Marking boundaries isn’t easy. It’s hard to find the border between two states when a flowing river separates them. It’s far harder to find the boundaries between two human beings in a fluid, shifting, emotionally charged relationship.
Louis Felder’s new play, Threat, looks at humans pushed to their limits. And it lets us experience the interplay between boundaries we define for ourselves and those that are publicly defined — by laws, and by the ethics codes of professions.
At the center of this story is Margaret, a woman involved in two relationships where she must find the borders. The first occurs in the opening and closing scenes; in it, she holds the less powerful position, as student and then protegée. In the second relationship, which occupies the heart of the play (and most of its running time), she holds a dominant role, as therapist to an agitated student.
Both relationships push her up to and past the edge of the world marked out by ethics rules, because the other person is unwilling — or unable — to respect them. This leaves her in uncharted territory, relying only on her inner moral sense and whatever courage she can muster.
Felder, who developed Threat from his 10-minute play Dark Matter, knows the landscape he’s leading us over. His characters are familiar and their conflicts are outlined with accuracy; they also speak as we do, or would. The conflicts reach resolution, but the play’s world is real enough that while things end, they don’t end comfortably.
Producer Bree Pavey and the Whitefire Theatre are giving Threat a serious, focused production. Every element is skillfully handled. Madylin Sweeten’s simple set design, and Matt Richter’s ink-art projections and pre-show music, welcome us to an everyday world that’s somehow quietly ominous.
Dr. Westbrook (John Posey) enters that world — his office — with unmistakable self-satisfaction before he says a word. Margaret (Pagan Urich) gives us in her body language her progress from diffidence to comfort, then to alarm; her angry outburst comes as no surprise. What does surprise is the choice she makes, violating herself in order to stay in the game.
In the second scene, Margaret sits at the desk, which is now hers .
In comes David (Mason Conrad), a physics grad student who’s very disturbed: His professors haven’t nominated him for a Nobel Prize. We soon suspect his “work” is not a breakthrough, but a breakdown. He grows more and more frantic, drawing Margaret into a quandary for which no one has trained her.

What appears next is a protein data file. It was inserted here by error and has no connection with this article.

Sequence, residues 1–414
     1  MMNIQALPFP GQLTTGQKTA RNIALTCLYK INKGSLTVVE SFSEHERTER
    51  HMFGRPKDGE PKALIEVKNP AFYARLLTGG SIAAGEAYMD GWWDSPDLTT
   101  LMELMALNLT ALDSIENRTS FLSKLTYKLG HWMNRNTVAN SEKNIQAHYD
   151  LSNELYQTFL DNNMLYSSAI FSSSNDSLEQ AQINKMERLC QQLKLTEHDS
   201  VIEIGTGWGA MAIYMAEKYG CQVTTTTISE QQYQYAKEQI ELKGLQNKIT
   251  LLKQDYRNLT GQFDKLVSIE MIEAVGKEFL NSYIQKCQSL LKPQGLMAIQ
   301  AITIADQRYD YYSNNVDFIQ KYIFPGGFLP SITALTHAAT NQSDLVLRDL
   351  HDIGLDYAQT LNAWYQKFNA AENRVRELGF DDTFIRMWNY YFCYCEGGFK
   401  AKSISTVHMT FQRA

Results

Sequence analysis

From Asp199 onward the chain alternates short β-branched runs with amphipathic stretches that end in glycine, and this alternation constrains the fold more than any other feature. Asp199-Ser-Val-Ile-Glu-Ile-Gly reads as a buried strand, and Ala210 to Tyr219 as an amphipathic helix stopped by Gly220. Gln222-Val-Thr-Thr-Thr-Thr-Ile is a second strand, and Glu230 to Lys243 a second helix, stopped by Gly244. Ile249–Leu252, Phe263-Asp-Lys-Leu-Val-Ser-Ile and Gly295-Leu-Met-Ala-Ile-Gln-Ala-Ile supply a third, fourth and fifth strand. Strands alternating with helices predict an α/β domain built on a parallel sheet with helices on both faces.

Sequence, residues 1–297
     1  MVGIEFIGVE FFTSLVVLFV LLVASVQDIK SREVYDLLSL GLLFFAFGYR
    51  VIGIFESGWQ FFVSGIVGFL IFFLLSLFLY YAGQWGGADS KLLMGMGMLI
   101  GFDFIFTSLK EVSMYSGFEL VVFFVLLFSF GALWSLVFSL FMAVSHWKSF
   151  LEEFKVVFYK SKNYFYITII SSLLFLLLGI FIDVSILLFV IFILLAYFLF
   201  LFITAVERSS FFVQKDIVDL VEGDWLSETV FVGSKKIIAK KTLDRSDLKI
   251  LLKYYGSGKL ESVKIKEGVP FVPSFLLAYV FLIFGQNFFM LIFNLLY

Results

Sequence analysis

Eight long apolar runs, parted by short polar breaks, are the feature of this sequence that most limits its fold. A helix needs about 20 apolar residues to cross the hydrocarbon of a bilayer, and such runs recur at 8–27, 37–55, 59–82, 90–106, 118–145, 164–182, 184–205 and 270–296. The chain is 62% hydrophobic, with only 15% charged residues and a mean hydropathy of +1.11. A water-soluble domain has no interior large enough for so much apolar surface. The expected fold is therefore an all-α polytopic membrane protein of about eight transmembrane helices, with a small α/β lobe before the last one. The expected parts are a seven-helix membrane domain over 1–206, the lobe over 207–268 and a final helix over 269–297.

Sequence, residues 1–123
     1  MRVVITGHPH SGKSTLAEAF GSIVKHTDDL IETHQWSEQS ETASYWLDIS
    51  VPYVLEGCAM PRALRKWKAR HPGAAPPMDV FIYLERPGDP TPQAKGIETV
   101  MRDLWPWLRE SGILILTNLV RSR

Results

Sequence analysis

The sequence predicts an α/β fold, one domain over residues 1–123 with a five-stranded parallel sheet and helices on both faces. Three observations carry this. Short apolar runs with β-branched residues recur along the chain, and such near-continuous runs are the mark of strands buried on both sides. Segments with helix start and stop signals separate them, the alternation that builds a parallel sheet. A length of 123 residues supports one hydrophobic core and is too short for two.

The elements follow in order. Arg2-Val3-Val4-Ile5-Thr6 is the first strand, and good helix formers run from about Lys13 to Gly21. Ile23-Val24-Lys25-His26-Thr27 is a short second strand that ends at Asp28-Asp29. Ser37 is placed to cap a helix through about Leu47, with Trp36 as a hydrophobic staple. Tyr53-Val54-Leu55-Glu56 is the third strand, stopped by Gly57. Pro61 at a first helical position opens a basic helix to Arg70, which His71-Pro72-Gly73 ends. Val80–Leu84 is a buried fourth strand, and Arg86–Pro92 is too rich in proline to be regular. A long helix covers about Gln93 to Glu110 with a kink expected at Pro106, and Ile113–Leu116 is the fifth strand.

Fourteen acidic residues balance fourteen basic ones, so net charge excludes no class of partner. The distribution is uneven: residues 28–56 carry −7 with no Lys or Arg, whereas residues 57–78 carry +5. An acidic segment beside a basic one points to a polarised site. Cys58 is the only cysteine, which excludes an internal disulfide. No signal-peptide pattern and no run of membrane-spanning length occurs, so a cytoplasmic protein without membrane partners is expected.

The acting in this play is equal to the writing, which makes for a challenging and satisfying experience. Posey’s solid presence reveals cracks through which things leak — crass exploitation at one point, genuine sympathy at another. Conrad’s bravura turn moves steadily — no, jerkily, a wiser choice — into his paranoia, yet never lets us break our empathy for him even when he grows irrational and violent. Instead, he poignantly portrays the battle between the person he wants to be and the one his fear and rage make him.
Urich’s role is the most complex, and she handles it with delicacy and precision. She does not at all telegraph her first major decision; later, she moves through a series of sudden changes, never once betraying whether she is being guided by emotion or calculation. When she reaches the final crisis, we know her motives and options, and feel her terrible distress, but have no certainty what she will do.
Director Asaad Kelada also deserves a nod for the show’s tight pace and focus. No movement is without strong motivation, the power shifts and emotional transitions are clear and swift. Kelada’s TV career seems to have taught him sharpness and speed, without seducing him into the tube’s love for oversimplifying or underlining.
Threat is slated for only two more performances during this run at the Whitefire. The tautly writen play, and the skilled production it’s getting, make me hope for an extension.
Threat, by Louis Felder, directed by Asaad Kelada.
Presented by Bree Pavey and Whitefire Theatre, at the Whitefire, 13500 Ventura Blvd., Sherman Oaks 91423.
Thursday and Friday at 8:00,
through May 4th.
or (818) 990-2324